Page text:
Two recommended enclosures for this species are the Exo Terra 18″ × 18″ × 12″ terrarium and the Repti Zoo 20″ x 12″ x 10″ enclosure. Both are great enclosures for this species and will comfortably house an adult.

Enclosure Decorations

It isn’t enough to just buy a great enclosure, though. The inside needs to be optimally decorated as well!

To do this, you’ll need to supply your tarantula with a few essential supplies.

First and foremost, you absolutely need to layer about 6 inches of moisture-retaining substrate along the bottom of the enclosure. Not only does this provide a medium for burrowing, but it also promotes cleanliness and humidity retention.

For this, coconut fiber substrate is all you need. Nothing fancy.

On top of this substrate, a tarantula hide should also be included. This helps to make your Nhandu tripepii feel calm and safe — an especially important feature if your spider is particularly nervous!

Next, you can’t forget the ever-important water dish!

Tarantulas not only drink water, but the water dish also works to keep humidity levels within the enclosure consistent. Be sure to regularly clean and refill the dish, though, as tarantulas are very messy.

After you add those essentials, you can get a bit creative. Small rocks and fake plants round out the enclosure and provide a more diverse environment for N. tripepii.

Nhandu tripepii
via @madunics / Instagram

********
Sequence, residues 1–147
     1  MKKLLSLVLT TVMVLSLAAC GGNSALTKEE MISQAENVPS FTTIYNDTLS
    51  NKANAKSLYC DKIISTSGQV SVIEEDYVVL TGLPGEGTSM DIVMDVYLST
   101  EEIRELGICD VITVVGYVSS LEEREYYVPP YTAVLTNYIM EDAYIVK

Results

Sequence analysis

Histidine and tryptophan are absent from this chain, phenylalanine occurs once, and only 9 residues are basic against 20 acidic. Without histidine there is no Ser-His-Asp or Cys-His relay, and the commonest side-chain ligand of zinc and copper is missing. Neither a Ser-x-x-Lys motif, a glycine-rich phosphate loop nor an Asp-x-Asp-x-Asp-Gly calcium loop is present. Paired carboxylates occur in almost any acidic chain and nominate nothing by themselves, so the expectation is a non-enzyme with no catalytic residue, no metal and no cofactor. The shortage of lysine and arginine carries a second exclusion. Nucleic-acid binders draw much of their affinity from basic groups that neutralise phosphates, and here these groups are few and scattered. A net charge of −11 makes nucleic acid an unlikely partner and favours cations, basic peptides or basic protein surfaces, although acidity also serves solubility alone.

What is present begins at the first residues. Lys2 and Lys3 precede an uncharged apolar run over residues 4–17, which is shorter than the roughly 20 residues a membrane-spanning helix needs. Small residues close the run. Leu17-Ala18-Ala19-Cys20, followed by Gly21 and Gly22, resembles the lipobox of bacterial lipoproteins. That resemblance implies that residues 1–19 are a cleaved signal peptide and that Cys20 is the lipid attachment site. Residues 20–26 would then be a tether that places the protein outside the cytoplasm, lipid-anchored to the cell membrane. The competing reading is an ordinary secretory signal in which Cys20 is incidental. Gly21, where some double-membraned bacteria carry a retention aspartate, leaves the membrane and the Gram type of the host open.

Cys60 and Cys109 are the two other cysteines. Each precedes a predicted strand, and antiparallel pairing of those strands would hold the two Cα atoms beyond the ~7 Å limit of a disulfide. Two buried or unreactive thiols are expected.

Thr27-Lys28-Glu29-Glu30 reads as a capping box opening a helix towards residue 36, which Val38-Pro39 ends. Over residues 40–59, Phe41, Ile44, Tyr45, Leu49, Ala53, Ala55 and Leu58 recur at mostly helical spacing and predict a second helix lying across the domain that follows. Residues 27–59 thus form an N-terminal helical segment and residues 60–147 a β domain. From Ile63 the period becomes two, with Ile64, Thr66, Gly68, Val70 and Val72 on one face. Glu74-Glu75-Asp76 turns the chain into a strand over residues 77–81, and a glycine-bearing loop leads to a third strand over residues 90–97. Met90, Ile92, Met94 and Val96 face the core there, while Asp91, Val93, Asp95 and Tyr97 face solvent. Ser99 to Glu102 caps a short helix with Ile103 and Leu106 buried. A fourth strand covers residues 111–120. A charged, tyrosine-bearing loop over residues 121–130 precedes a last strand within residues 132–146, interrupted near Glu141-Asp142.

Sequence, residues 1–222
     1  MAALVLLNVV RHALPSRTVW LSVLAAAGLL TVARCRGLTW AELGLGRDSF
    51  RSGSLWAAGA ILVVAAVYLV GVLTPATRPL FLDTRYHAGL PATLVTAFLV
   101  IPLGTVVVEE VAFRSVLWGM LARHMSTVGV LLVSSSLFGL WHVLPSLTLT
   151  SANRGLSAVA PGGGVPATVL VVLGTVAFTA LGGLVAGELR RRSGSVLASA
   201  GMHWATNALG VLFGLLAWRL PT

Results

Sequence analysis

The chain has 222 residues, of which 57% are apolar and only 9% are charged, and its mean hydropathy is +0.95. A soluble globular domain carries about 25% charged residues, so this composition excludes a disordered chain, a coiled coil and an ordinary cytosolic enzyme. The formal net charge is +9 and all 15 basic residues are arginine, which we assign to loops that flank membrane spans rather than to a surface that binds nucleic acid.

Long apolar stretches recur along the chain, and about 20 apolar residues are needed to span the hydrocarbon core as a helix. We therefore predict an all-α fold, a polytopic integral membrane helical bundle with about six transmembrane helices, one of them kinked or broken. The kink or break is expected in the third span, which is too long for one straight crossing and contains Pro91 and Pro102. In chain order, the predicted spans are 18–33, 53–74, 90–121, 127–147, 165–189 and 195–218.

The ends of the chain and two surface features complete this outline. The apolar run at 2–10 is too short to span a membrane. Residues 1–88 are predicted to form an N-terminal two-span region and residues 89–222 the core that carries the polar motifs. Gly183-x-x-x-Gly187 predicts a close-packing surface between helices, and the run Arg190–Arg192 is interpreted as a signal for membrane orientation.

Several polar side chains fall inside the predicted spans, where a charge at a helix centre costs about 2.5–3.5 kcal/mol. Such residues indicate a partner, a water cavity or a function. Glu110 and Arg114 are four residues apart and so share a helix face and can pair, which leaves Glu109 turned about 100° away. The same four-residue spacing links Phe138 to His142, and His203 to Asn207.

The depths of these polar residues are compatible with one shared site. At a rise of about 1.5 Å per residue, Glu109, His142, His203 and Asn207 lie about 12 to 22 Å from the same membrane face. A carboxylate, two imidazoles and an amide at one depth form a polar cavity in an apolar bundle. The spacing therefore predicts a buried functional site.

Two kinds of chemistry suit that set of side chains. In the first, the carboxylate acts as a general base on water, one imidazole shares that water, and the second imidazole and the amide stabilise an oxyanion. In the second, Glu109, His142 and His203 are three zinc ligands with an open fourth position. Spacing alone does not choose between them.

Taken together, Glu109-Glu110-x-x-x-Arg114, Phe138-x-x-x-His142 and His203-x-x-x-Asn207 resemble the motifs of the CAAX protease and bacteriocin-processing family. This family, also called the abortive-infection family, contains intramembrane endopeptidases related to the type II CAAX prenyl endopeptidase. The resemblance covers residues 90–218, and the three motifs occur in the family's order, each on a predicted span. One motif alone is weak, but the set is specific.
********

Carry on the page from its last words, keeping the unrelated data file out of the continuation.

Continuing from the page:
Enclosure Temperature/Humidity

This tarantula species is endemic to Brazil. More specifically, its native environment is hot and humid almost year-round.

Because of this, their enclosure should closely mimic these conditions.

The optimal temperature range for Nhandu tripepii is around 75°F to 80°F, which is near room temperature for most people. So, luckily, supplemental heating isn’t required in most cases.

If your house regularly drops below this range, though, you may need to use either a space heater or a gentle heat lamp that doesn’t emit light.

In fact, the no light aspect of the lamp is very important. This species is particularly photosensitive and is negatively effected by lots of light exposure.

For humidity, aim for between 65% and 75% humidity. Maintaining this is very simple.

Simply keep the water dish filled at all times and mist one side of the enclosure with water about 3 times per week. When misting, don’t spray the tarantula, and don’t saturate the substrate, either.

It’s recommended that you use a thermometer/hygrometer to monitor temperature and humidity of the enclosure so that you can make small adjustments as needed.